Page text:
8. Consistent variability in beta-diversity patterns contrasts with changes in alpha-diversity along an onshore to offshore environmental gradient: the case of Red Sea soft-bottom macrobenthos

    KAUST Repository

    Alsaffar, Zahra Hassan Ali

    2017-09-30

    Patterns of variability in diversity (alpha and beta), abundance, and community structure of soft-bottom macrobenthic assemblages were investigated across an inshore/offshore environmental gradient in the central Red Sea. A total of three distinct soft-substrate biotopes were identified through multivariate techniques: seagrass meadows, nearshore, and offshore. While the seagrass biotope was associated with higher organic matter content, the two coastal biotopes presented higher redox potential in the sediments and dissolved oxygen in the water. Depth and medium sand increased toward the offshore, while the percentage of fine particles was a determinant of nearshore communities. Regardless of the prevailing environmental conditions, the three biotopes were characterized by high numbers of exclusive taxa, most of which were singletons. Changes in species richness were not related to depth or organic matter, peaking at intermediate depths (nearshore). However, the number of taxa increased exponentially with abundance. On the other hand, density decreased logarithmically with depth and organic matter in sediments, probably linked to a reduced availability of food. One of the most conspicuous features of the macrobenthic assemblages inhabiting soft substrates in the central oligotrophic Red Sea is the low level of dominance resulting from a high species richness: abundance ratio. Despite the differences observed for alpha-diversity across the three biotopes, beta-diversity patterns were rather consistent. These findings suggest that mechanisms driving biodiversity are similar across the depth gradient. The partitioning of beta-diversity also show that assemblages are mainly driven by the substitution of species (turnover or replacement), most likely as a result of environmental filtering. The heterogeneity of the seafloor in shallow waters of the Red Sea promoted by the co-existence of coral reefs inter-spaced by sedimentary habitats may increase the regional pool of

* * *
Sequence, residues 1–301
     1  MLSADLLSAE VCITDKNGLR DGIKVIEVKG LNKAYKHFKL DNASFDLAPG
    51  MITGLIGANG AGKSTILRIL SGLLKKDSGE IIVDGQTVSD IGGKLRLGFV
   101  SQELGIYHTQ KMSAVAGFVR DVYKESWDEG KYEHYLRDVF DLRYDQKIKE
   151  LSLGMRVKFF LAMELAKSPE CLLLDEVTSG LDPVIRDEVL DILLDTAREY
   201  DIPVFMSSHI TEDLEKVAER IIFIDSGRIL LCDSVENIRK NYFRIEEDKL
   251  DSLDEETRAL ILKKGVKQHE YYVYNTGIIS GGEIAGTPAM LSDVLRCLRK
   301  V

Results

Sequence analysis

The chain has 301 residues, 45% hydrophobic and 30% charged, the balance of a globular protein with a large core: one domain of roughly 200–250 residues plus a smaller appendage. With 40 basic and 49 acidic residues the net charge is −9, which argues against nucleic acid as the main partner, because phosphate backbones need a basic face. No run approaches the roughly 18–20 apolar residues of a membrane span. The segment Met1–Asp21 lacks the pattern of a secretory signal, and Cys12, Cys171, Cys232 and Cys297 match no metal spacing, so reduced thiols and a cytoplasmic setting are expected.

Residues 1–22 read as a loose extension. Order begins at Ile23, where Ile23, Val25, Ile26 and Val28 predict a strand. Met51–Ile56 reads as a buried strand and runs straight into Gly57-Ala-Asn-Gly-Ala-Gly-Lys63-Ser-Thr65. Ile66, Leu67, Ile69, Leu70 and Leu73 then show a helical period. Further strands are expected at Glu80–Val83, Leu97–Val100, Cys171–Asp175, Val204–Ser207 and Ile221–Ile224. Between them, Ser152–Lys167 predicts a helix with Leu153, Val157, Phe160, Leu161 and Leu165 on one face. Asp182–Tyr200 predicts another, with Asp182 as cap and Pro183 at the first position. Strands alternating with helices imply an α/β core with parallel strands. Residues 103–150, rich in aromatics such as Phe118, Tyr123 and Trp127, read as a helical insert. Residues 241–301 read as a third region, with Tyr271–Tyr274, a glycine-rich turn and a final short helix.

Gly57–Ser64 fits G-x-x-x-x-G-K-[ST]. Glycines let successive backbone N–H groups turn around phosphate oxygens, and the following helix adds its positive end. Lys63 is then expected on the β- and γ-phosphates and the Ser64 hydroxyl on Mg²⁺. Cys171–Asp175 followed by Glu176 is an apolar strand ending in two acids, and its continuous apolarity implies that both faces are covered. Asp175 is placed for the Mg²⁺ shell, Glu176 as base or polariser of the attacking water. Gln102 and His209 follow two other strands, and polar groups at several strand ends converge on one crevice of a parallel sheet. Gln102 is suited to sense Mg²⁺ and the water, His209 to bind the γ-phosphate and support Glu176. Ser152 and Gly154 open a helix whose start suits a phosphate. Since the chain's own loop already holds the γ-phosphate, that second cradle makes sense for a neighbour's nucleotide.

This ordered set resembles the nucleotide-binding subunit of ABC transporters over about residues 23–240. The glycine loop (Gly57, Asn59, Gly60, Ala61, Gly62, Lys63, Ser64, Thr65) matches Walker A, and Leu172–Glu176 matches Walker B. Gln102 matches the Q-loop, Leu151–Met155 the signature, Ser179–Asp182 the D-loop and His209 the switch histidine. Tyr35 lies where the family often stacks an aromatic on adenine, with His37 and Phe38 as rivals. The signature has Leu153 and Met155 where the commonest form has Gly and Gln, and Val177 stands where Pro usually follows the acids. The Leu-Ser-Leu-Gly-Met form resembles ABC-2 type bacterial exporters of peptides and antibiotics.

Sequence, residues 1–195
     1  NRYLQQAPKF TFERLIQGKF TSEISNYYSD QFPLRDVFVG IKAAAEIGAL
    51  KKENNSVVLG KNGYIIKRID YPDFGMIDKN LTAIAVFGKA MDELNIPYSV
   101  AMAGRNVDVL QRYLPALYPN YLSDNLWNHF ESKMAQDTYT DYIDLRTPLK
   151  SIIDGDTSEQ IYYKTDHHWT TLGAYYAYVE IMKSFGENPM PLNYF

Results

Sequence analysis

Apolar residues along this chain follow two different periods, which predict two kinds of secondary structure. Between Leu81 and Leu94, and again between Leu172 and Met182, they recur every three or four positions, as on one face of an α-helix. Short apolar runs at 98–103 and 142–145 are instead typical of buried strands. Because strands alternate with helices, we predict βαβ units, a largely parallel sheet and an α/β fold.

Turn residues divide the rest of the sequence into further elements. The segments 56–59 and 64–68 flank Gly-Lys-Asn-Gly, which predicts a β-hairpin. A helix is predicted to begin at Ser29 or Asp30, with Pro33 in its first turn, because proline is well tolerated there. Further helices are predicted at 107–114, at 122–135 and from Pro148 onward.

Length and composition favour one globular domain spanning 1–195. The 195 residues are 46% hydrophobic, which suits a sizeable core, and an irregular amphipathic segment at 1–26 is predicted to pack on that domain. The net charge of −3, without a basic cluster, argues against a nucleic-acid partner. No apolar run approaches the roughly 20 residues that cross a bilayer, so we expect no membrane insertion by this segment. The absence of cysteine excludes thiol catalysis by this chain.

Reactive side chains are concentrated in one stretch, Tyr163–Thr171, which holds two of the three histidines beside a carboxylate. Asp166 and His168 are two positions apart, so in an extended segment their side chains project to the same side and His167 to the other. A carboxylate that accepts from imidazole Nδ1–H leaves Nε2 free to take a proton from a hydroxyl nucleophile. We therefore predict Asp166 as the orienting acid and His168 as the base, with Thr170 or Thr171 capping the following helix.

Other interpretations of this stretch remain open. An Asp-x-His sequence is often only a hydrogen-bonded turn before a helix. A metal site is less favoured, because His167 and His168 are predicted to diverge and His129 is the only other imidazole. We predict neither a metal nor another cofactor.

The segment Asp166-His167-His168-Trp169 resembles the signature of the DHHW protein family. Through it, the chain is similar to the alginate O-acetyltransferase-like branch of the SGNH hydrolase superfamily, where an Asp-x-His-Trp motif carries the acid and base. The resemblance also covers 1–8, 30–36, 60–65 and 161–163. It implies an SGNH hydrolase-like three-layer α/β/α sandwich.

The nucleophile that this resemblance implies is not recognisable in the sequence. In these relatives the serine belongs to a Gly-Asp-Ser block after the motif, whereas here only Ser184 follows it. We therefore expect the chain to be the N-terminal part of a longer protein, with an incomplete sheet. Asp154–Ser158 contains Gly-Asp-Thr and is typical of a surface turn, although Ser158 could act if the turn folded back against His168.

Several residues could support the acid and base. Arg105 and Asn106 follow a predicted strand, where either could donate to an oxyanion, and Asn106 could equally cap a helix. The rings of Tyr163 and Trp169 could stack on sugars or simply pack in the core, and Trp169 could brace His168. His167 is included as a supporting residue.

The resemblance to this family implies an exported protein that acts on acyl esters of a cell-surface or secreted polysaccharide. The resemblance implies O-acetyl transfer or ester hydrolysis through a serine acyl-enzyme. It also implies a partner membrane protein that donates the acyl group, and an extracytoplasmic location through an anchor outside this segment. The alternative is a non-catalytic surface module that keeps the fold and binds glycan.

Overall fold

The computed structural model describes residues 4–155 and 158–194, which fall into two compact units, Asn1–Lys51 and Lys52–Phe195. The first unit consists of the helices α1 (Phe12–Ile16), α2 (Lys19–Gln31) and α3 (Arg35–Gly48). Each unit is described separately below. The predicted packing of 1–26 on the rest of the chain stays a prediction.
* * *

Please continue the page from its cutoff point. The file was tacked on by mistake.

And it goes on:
9. New evidence for habitat-specific selection in Wadden Sea Zostera marina populations revealed by genome scanning using SNP and microsatellite markers

    NARCIS (Netherlands)

    Oetjen, Katharina; Ferber, Steven; Dankert, Ilka; Reusch, Thorsten B. H.

    Eelgrass Zostera marina is an ecosystem-engineering species of outstanding importance for coastal soft sediment habitats that lives in widely diverging habitats. Our first goal was to detect divergent selection and habitat adaptation at the molecular genetic level; hence, we compared three pairs of

  10. Exploitation of a new staging area in the Dutch Wadden Sea by Greylag Geese Anser anser : the importance of food-plant dynamics

    NARCIS (Netherlands)

    Bakker, L; van der Wal, R; Esselink, Peter; Siepel, A

    1999-01-01

    The colonisation by Greylag Geese Anser anser of a new autumn migration staging area was studied on the island of Schiermonnikoog, The Netherlands. Over 500 Greylag Geese first visited the island in 1991. During subsequent years, peak numbers rose to 700-900 birds. The geese most likely originated

  11. On the dynamics of compound bedforms in high-energy tidal channels: field observations in the German Bight and the Danish Wadden Sea

    DEFF Research Database (Denmark)

    Ernstsen, Verner; Christian, Winter; Becker, Marius

    2010-01-01

    ). There is a considerable amount of detailed field investigations on the dynamics of primary-bedforms at various temporal scales, ranging from short- to long-term tide-related cycles to flood hydrographs to seasonality. However, Julien et al. (2002) stated that a composite analysis of primary- and secondary...... decreased during ebb tide and increased during flood tide. This was due to erosion and deposition of the crest, as the trough remained practically constant. The erosion of the crest occurred at high energy stages during ebb tide, while the overall deposition on the crest occurred during flood tide. The low...